- the blood must not be contaminated,7
- the draw site must not be sanitized by an alcohol-based disinfectant,8
- the blood vial must have sufficient anticoagulant and preservative,9 and
- the blood must have been sufficiently mixed with the anticoagulant and preservative.10
Unfortunately, a "blood split motion" is only a viable strategy for DUI defendants who took a blood test or a urine test (see below).
Unlike blood and urine samples, law enforcement agencies are not required to retain breath samples.11 Even when a police officer fails to tell a defendant who chooses a breath test that his or her breath sample will not be retained for retesting, the breath test result can still be used against the defendant at trial.12
So the possibility of a blood split and blood sample retest is one argument in favor of a DUI blood test over a DUI breath test.
Yes. DUI urine tests are like DUI blood tests, in that police are required under Title 17 to
- collect enough of urine so that it may be tested at least twice,13
- keep the tested sample for up to one year after it is collected,14 and
- turn over a portion of the urine sample to the DUI defense team upon request (the equivalent of a blood split).15
Title 17 also sets forth required procedures for DUI urine tests. If these procedures were not followed, the equivalent of a "blood split motion" for urine will help your DUI defense attorney discover and prove this. Urine test requirements include:
- the urine sample cannot be collected any sooner than 20 minutes after the defendant first urinates after the arrest,16
- the container must not be contaminated,17 and
- the container must have sufficient preservative.18
A "blood split" motion usually begins with the defendant's DUI defense lawyer informally asking the prosecutor to turn over the blood or urine sample, and the prosecutor agreeing to do so. (California criminal law requires prosecutors to disclose all evidence obtained in a criminal investigation to defendants, including DUI defendants.)19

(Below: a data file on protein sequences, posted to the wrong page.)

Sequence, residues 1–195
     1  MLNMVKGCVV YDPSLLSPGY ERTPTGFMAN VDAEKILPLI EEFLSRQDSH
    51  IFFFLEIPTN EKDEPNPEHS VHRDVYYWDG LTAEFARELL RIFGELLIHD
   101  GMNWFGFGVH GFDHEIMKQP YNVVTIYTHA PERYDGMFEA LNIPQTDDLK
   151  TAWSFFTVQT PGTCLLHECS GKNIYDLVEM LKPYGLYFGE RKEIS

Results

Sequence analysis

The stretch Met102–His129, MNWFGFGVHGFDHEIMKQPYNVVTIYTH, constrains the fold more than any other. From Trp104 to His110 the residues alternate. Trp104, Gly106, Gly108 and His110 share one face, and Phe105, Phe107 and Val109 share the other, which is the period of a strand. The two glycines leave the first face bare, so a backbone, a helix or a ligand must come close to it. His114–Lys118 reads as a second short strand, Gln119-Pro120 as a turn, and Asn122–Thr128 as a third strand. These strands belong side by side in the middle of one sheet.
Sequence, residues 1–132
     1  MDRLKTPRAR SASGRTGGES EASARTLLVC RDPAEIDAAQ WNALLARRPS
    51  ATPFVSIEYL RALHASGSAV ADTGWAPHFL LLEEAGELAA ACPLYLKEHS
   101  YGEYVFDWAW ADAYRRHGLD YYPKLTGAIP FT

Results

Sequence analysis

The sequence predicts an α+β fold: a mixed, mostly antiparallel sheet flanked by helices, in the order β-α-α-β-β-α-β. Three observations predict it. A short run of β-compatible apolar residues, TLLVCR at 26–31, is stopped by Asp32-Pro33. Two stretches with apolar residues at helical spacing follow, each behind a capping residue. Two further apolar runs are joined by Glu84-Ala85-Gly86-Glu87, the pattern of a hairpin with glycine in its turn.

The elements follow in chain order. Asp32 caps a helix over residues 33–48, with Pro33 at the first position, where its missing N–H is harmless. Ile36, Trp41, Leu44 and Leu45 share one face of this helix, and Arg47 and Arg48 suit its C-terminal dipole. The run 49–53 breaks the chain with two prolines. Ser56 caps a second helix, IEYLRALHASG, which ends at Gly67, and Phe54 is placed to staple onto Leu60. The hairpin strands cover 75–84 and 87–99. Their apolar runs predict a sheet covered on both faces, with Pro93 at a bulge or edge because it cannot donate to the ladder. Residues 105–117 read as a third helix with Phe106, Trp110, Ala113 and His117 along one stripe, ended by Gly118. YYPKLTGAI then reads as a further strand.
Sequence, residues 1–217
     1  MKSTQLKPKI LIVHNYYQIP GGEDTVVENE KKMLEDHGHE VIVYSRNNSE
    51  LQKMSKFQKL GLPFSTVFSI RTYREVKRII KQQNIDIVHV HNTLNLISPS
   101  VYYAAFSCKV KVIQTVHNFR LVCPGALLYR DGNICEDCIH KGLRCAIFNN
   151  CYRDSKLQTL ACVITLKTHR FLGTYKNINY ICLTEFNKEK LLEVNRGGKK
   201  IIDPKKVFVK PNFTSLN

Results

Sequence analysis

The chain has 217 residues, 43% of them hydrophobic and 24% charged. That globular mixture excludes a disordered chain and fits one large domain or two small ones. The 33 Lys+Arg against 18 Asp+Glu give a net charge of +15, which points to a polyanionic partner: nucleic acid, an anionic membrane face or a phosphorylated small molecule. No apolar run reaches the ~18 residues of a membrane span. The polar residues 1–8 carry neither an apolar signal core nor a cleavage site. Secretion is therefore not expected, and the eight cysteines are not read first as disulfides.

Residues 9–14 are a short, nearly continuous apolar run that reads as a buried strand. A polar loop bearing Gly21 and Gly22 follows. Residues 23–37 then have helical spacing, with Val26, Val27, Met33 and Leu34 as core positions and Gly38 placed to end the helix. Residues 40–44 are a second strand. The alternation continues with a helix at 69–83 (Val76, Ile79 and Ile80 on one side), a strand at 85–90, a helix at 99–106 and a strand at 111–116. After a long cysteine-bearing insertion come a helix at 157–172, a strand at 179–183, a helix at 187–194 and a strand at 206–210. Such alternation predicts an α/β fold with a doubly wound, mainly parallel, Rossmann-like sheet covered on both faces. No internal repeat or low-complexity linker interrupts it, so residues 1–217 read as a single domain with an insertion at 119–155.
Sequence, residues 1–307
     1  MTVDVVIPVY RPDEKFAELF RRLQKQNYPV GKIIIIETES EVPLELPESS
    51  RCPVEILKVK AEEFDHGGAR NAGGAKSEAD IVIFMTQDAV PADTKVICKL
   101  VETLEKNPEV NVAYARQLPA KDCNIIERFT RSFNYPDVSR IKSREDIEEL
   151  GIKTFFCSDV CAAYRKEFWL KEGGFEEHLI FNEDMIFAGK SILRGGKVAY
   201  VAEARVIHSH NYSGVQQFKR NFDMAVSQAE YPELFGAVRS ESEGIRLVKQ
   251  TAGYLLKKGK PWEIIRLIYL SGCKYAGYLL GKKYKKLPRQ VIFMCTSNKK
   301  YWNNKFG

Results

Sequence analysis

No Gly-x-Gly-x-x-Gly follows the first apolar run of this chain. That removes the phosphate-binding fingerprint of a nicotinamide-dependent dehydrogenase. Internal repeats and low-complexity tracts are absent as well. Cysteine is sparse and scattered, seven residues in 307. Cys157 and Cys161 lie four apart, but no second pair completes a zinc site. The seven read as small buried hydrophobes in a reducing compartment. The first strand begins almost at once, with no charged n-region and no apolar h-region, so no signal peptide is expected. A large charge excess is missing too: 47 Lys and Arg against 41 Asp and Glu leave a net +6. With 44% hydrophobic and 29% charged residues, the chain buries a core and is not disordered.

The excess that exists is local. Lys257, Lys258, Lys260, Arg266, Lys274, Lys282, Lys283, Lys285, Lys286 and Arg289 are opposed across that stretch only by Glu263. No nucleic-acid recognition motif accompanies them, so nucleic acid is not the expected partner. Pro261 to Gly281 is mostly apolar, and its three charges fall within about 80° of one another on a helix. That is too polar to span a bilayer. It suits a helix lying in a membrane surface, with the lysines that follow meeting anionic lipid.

If the prosecutor refuses or fails to turn over the blood split (or urine split) sample within fifteen (15) days, the court will become involved and order the prosecutor to do so.20
In addition to compelling the prosecutor to turn over the blood split, the court may discipline the prosecutor. This discipline may include contempt proceedings, informing the jury of the delay, or even preventing the prosecutor from using the original blood or urine test result at trial.21
Your right to obtain a blood split or urine split is also protected under the California Vehicle Code and Title 17. However, if you fail to conduct additional tests on your blood split sample or are unable to do so, this will not prevent the prosecutor from using the original result against you unless s/he acted in bad faith.22
An experienced DUI attorney can use a blood split motion to discover and make several California DUI defenses. These include:
You had a BAC below 0.08% at the time you were driving